The judge went on to find that the contingency fee agreement was fair and reasonable in the circumstances and therefore the plaintiffs’ solicitor was entitled to the agreed upon 33% of the total amount recovery including costs or $4,174,928.45. It should be noted that the contingency fee agreement provided that any costs paid by the defendants would be included in the total recovery and not paid to the solicitor in addition to the percentage.
The Cogan case demonstrates that a valid contingency fee agreement with a child can still be approved at the time of settlement if the applicable factors support such approval.
Representing a child in a personal injury action presents many potential pitfalls even for the experienced lawyer. It is essential to ensure that all instructions received from the Litigation Guardian are in the best interests of that child plaintiff. It is also mandatory to obtain approval of your retainer agreement either at the time of settlement or at an earlier stage of the proceedings. The overarching principle to be followed in these cases is to ensure that the best interests of the child are always taken into consideration and that nothing is done to undermine or in any way harm the legal rights of the child.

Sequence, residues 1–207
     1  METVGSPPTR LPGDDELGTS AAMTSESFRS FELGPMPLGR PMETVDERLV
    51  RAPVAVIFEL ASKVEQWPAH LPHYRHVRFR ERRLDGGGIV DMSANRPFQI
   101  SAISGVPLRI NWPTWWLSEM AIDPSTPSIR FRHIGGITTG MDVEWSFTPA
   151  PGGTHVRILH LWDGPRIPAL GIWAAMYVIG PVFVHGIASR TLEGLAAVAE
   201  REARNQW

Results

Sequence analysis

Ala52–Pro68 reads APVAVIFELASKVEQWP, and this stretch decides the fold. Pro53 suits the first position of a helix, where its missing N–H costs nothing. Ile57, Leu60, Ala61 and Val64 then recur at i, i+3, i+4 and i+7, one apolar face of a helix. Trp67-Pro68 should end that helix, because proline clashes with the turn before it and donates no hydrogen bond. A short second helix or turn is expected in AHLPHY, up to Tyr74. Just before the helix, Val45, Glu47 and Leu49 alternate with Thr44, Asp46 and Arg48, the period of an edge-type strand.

1 Thank you to an Oatley Vigmond Student-at-Law who performed research which contributed greatly to this article.
2 Rule 7.04
3 Wu Estate v. Zurich Insurance Company (2006), 268 D.L.R. (4th) 670 (Ont. C.A.) at para 10
4 2007 CanLII 50281 (S.C.)